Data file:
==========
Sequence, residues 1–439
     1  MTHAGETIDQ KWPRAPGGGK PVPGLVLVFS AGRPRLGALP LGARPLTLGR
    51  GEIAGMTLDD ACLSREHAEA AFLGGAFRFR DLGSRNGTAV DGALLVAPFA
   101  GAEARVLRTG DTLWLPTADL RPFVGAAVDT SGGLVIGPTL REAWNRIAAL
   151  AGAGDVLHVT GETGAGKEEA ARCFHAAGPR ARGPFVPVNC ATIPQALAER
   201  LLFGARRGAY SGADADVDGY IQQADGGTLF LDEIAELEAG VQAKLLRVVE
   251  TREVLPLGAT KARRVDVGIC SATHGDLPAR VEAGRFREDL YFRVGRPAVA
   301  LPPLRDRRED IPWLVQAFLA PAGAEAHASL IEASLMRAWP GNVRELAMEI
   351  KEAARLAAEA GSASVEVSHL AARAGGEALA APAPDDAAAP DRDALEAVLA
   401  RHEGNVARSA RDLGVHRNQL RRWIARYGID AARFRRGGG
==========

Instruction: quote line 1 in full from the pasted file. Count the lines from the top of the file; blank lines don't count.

Sequence, residues 1–439